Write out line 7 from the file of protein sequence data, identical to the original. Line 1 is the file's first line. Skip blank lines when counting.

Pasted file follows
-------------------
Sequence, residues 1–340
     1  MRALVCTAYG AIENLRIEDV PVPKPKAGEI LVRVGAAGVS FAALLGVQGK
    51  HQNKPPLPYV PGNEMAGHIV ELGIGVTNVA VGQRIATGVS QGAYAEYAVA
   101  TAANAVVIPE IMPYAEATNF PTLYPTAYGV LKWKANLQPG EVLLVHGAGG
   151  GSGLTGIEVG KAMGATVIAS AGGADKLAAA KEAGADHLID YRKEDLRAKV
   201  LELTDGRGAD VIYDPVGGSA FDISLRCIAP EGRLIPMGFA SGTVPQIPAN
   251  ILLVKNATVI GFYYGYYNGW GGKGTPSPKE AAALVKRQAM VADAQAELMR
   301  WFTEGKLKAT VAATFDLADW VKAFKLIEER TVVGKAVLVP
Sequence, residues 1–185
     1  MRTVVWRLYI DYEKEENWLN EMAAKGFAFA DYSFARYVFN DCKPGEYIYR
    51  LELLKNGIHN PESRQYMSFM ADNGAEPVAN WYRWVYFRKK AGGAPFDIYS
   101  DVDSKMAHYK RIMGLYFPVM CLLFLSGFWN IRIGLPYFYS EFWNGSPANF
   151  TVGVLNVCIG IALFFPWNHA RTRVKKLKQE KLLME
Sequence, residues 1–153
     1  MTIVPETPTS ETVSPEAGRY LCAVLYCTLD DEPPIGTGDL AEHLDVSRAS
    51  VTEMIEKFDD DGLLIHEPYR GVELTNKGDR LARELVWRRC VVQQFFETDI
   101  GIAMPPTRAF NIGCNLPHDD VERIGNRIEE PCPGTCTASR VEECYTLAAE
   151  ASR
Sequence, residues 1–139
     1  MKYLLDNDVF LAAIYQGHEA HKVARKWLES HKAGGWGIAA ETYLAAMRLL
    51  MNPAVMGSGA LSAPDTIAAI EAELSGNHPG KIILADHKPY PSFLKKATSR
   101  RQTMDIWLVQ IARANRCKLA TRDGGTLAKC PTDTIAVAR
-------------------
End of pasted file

   251  ILLVKNATVI GFYYGYYNGW GGKGTPSPKE AAALVKRQAM VADAQAELMR